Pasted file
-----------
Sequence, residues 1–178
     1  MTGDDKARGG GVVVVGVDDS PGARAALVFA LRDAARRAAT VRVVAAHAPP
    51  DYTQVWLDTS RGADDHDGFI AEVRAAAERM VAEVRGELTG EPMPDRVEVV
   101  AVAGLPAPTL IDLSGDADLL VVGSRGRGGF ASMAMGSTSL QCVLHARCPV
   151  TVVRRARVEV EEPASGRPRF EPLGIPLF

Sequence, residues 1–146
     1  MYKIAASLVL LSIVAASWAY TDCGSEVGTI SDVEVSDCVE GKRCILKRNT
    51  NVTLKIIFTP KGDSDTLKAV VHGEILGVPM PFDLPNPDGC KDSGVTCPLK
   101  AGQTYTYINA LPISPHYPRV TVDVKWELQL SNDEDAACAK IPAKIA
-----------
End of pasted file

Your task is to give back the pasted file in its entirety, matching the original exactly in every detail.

Sequence, residues 1–178
     1  MTGDDKARGG GVVVVGVDDS PGARAALVFA LRDAARRAAT VRVVAAHAPP
    51  DYTQVWLDTS RGADDHDGFI AEVRAAAERM VAEVRGELTG EPMPDRVEVV
   101  AVAGLPAPTL IDLSGDADLL VVGSRGRGGF ASMAMGSTSL QCVLHARCPV
   151  TVVRRARVEV EEPASGRPRF EPLGIPLF

Sequence, residues 1–146
     1  MYKIAASLVL LSIVAASWAY TDCGSEVGTI SDVEVSDCVE GKRCILKRNT
    51  NVTLKIIFTP KGDSDTLKAV VHGEILGVPM PFDLPNPDGC KDSGVTCPLK
   101  AGQTYTYINA LPISPHYPRV TVDVKWELQL SNDEDAACAK IPAKIA